2) EBCDIC source file input. We would need reviews at the Clang level

when

dealing with reading source files and dealing with multiple code pages.
3) GOFF object file output. We would need reviews in LLVM to add a new
object file output format.
Our plans include setting up z/OS build bots and we will update the list

when we have them ready to go.

To begin, we plan to add patches that would:
- Set the new triple for z/OS
- Make changes to the build recipes and tools (cmake, etc.) as needed to

allow building for z/OS
Following that, we intend to start on the focus areas listed above:

1) Add patches to enable building and using the C++ standard library on
z/OS. In particular, issues dealing with EBCDIC would need to be
addressed. We would need to have functions in the headers (e.g.

iostream)

that work on ASCII encoded strings, and functions that work on EBCDIC
encoded strings. These would need to work with the underlying system C
library (e.g. printf) that provides the actual functionality. For

example,

currently, the z/OS C library has (at least) two sets of functions

(ASCII

and EBCDIC versions). The one used by the application is selected at
compile time during the system header file processing which selects the
correct function via mapping the programmer function name (e.g. printf)
into one that the application will link to (e.g. __printf for EBCDIC and

\174\174A00118 for ASCII). We would also add patches to disable
functionality when on z/OS where there is no support for the
functionality. For example, thread specific locales would be disabled

when

in a non-POSIX mode.
  Our intent is that follow on patches would incrementally add support

in

tandem with the compiler for features that require it and for other z/OS

specifics such as various floating/fixed point formats.

2) Add patches to Clang to allow EBCDIC and ASCII (ISO-8859-1) encoded
input source files. This would be done at the file open time to allow

the

rest of Clang to operate as if the source was UTF-8 and so require no
changes downstream. Feedback on this plan is welcome from the Clang
community.
  Our intent is that later patches would handle execution character set
differences. Collaboration with the community here would be useful in
areas such as adding in exec-charset and library selection options and
strategies.
  Our intent is also to make changes to support any platform issues,
processing native C header files, and idiosyncrasies on z/OS such as
having no native strnlen function. We would update test tooling to

handle

character encoding issues as needed. Further design discussion will take

place on the Clang mailing list.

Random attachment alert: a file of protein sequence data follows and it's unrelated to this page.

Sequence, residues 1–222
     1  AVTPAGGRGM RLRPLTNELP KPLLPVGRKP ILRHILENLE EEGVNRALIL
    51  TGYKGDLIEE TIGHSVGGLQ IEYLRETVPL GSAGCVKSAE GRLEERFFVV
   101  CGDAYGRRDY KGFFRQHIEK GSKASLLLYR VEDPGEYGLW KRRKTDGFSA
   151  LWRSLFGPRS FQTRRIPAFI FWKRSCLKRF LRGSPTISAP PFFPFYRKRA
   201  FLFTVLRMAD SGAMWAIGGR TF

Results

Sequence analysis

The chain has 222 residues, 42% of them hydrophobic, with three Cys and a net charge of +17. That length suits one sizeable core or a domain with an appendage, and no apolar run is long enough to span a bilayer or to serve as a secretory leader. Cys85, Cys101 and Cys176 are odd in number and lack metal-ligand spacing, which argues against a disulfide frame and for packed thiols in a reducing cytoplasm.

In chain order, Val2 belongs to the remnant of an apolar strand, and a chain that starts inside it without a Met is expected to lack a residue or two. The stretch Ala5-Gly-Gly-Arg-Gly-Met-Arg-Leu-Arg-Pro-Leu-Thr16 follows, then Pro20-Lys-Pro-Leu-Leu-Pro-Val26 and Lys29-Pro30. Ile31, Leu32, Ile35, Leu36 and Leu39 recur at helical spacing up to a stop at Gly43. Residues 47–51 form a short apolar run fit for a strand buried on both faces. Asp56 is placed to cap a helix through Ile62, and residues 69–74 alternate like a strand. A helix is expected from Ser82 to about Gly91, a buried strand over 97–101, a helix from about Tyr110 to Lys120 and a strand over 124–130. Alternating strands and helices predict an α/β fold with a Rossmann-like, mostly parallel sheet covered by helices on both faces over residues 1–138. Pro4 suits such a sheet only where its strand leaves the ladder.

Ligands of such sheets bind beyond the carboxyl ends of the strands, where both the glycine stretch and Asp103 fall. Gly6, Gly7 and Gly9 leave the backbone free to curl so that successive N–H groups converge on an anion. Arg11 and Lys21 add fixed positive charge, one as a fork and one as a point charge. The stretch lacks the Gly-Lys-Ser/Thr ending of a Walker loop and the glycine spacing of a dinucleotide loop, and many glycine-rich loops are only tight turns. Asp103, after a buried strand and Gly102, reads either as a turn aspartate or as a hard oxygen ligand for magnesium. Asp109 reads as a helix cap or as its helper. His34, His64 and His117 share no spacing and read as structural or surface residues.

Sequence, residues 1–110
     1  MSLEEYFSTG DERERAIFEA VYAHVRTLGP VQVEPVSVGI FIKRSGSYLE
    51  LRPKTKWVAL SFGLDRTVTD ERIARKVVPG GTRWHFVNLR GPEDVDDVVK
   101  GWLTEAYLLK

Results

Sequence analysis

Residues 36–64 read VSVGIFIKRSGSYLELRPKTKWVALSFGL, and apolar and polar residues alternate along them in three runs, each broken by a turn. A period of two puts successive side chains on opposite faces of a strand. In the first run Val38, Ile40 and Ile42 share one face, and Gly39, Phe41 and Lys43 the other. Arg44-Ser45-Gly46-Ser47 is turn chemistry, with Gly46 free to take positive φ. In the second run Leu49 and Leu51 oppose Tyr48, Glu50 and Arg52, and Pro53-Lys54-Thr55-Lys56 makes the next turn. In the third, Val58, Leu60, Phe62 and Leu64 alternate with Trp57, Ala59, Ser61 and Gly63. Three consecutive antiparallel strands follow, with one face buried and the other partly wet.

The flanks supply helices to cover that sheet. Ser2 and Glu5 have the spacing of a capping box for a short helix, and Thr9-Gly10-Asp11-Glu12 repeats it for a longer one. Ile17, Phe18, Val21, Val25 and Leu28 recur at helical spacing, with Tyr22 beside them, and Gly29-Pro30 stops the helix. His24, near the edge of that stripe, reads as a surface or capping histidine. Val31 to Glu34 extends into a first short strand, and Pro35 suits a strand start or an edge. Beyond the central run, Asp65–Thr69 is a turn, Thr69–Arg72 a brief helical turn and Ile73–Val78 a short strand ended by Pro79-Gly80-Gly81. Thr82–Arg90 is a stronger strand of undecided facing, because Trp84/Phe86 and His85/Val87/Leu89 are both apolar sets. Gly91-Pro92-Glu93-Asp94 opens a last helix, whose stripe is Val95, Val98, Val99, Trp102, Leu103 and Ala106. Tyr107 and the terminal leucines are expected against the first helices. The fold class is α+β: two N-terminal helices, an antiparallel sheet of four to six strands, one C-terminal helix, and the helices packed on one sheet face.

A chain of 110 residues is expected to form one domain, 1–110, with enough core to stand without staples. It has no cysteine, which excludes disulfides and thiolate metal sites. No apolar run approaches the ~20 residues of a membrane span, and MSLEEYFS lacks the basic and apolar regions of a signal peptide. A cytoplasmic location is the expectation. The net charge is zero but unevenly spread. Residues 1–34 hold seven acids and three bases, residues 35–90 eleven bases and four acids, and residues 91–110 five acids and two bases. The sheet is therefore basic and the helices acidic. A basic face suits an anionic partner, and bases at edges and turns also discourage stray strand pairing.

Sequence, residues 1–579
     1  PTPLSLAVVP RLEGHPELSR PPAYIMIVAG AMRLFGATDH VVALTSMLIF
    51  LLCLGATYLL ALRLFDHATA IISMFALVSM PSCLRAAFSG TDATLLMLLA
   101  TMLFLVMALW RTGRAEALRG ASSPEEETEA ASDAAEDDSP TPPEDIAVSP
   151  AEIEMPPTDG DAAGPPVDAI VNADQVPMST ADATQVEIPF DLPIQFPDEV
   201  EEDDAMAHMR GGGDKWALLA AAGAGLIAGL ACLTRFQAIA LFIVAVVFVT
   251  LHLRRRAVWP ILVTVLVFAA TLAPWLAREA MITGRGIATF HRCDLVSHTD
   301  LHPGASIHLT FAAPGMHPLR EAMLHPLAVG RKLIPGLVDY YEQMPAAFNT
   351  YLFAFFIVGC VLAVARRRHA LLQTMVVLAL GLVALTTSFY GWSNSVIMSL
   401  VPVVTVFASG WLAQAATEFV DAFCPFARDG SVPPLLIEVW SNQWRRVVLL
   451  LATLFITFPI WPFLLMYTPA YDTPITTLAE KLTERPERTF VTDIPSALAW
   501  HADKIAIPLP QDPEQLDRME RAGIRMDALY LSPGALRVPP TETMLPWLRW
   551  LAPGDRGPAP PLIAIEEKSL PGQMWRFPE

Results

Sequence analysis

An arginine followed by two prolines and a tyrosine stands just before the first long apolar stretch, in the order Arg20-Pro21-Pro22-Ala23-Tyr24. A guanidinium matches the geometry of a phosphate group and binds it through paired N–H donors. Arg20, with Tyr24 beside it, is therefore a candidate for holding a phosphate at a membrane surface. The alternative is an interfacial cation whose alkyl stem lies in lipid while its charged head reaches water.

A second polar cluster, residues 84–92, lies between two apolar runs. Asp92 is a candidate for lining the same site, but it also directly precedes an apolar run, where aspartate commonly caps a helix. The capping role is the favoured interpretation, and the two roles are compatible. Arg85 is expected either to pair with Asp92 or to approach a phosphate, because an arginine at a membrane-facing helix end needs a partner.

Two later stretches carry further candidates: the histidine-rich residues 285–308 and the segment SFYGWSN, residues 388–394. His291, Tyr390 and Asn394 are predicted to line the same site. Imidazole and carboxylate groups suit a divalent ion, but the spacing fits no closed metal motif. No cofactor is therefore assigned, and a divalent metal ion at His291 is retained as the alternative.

3) Add patches to LLVM that will stub out GOFF object binary generation.

We would not be generating assembly (HLASM in z/OS), and instead only
generate the binary object directly for the initial round of changes.
Assembly generation would follow in later stages once we have a working
compiler on z/OS. Feedback on this plan of direction is appreciated.
  Our intent is that patches that incrementally add support for GOFF
object generation such as code sections and records would follow. The

next

steps after support for the object file format would be handling the

z/OS

XPLINK calling convention. This would involve changes to both Clang and
LLVM and we intend to follow the same style of functional component
responsibility as is done for other platforms calling conventions. If we

believe deviations from this is necessary, we plan on notifying the
community and ensuring the reasons behind the deviations are valid and
accepted.

Any feedback or comments are welcome.

Notice: IBM’s statements regarding its plans, directions, and intent are

subject to change or withdrawal without notice at IBM’s sole discretion.

Information regarding potential future products is intended to outline

our

general product direction and it should not be relied on in making a
purchasing decision. The information mentioned regarding potential

future

products is not a commitment, promise, or legal obligation to deliver

any

material, code or functionality. Information about potential future
products may not be incorporated into any contract. The development,
release, and timing of any future features or functionality described

for

our products remains at our sole discretion.

Best regards,
Kai Nacke
IT Architect

IBM Deutschland GmbH
Vorsitzender des Aufsichtsrats: Sebastian Krause
Geschäftsführung: Gregor Pillen (Vorsitzender), Agnes Heftberger,

Norbert

Janzen, Markus Koerner, Christian Noll, Nicole Reimer
Sitz der Gesellschaft: Ehningen / Registergericht: Amtsgericht

Stuttgart,

HRB 14562 / WEEE-Reg.-Nr. DE 99369940